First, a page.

“With these sponsorship deals, we as a club don’t really help bring change. Our positive image fades. We are diluting the problems and not creating attention of the issues.”

Ott, a lawyer by trade, does not class himself as an Ultra but says that he always admired the stance taken by those who have protested against the club’s relationship with Qatar. He prides himself on being one of nearly 300,000 Bayern Munich members, a position which – theoretically, at least – holds a degree of power.

“We are a football club where the members can decide over the pingpong department and the chess department but not on the football department…”

As is the case with most German clubs, Bayern adhere to the 50+1 ownership rule, which prevents private investors from gaining a majority stake in a football club. In short, the rule states that half of the voting rights plus an additional share – the ‘+1’ – must be held by the club – and, by extension, the fans. Bayern members such as Ott, therefore, can influence decisions taken by the club and are viewed as being more than merely paying customers.

“We really have some power and that’s important,” he says. “To me, it makes a fundamental difference if I’m just a client or a member of the club. I have some influence. I think that’s very important for my feeling as a fan.”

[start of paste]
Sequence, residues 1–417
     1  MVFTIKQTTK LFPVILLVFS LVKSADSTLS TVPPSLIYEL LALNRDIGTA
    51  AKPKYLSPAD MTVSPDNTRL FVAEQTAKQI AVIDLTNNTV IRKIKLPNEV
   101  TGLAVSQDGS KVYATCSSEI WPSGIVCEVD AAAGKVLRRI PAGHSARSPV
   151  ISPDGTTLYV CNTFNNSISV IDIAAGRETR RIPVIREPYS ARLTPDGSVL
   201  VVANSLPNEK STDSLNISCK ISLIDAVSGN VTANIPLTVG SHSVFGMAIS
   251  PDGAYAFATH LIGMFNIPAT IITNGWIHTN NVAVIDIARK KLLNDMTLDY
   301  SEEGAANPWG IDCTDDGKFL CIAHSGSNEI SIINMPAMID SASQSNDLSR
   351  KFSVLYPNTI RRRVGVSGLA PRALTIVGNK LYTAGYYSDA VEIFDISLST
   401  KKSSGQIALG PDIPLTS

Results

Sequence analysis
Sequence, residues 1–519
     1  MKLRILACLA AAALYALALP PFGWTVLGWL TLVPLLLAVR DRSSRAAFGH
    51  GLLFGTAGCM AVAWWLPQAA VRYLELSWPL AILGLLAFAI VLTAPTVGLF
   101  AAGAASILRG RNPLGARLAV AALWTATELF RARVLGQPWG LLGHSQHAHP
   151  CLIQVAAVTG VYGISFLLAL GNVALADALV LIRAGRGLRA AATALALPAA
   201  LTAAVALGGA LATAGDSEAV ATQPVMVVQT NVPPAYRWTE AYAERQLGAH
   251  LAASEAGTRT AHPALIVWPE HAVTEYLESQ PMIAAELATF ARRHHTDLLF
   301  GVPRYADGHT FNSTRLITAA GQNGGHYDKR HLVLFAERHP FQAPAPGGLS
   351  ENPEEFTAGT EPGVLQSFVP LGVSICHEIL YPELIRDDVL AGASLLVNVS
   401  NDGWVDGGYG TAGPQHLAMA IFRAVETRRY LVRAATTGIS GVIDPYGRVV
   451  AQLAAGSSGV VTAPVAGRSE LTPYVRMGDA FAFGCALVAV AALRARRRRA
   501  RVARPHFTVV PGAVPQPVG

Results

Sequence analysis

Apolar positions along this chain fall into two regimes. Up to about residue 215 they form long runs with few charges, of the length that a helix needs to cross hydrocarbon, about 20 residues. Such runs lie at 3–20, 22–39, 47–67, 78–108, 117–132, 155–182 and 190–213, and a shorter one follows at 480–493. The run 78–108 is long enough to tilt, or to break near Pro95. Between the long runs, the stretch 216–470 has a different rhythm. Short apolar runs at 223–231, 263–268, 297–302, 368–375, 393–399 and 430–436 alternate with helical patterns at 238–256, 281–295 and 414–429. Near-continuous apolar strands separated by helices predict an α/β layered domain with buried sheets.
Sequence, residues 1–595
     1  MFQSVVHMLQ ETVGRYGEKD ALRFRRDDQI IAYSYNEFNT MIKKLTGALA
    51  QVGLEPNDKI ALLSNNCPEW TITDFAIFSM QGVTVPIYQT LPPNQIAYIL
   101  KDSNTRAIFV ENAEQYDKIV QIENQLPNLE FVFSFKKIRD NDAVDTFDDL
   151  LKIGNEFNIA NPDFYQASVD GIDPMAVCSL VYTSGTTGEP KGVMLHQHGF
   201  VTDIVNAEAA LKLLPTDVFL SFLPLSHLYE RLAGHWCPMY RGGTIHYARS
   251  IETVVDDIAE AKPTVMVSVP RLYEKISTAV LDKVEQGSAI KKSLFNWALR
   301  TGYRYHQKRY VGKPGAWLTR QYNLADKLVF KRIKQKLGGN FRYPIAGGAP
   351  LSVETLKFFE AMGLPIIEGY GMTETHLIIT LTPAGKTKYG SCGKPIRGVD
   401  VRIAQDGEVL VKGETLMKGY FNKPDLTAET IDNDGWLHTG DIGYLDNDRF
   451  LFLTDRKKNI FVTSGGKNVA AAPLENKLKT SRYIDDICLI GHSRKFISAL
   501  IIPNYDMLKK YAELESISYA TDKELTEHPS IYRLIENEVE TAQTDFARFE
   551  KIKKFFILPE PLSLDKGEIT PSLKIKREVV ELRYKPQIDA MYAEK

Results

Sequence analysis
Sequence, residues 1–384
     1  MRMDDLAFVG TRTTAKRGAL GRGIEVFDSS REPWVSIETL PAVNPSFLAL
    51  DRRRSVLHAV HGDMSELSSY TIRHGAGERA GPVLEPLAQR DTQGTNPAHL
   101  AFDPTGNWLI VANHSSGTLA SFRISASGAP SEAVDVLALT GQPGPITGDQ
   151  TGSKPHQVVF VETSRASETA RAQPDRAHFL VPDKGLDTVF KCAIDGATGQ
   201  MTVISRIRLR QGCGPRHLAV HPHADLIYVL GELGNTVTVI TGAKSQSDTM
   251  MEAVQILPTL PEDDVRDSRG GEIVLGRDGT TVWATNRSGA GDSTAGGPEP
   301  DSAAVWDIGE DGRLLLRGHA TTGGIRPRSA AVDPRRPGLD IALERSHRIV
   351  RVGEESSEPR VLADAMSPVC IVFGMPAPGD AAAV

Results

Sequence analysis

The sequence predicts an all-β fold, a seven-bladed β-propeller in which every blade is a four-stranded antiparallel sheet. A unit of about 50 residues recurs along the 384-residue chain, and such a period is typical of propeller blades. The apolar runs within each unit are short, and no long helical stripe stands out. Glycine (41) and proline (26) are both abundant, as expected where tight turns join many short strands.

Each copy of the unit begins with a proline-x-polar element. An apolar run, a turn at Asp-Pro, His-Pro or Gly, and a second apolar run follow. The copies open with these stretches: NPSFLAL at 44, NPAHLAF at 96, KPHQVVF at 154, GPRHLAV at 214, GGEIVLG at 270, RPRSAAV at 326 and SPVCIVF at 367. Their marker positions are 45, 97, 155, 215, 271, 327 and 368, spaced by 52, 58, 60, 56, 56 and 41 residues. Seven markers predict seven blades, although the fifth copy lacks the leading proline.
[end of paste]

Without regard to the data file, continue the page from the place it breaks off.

Under Bayern’s ownership model, Ott was permitted to submit a motion which, had it been voted in at the AGM, would have blocked the club from renewing the existing Qatar Airways deal and prevented them from entering any similar deals with the state.

This, he claims, was ignored by Bayern’s hierarchy, prompting him to seek an interim injunction by a Munich district court which would allow him to raise the motion at the meeting. This was rejected on technical grounds.

“In the end, the court interpreted our club statutes in a way that our assembly isn’t competent to take any decision concerning the football department,” Ott says. “It was unfortunate. Of course you can have this [the court’s] interpretation of our statutes but you can also have another.

“Now we are a football club where the members can decide over the pingpong department and the chess department but not on the football department, which is a horrible situation.”

Undeterred by his setback in court, Ott went ahead and attempted to raise the motion at the AGM anyway. He had gained support from across the club’s fanbase in the weeks leading up to the meeting and, having taken to the podium, was warmly applauded by the vast majority of the 800 members in the audience at Munich’s Audi Dome. This was not reciprocated on stage, however, where a panel of senior Bayern figures appeared unmoved by his argument. Tempers quickly frayed.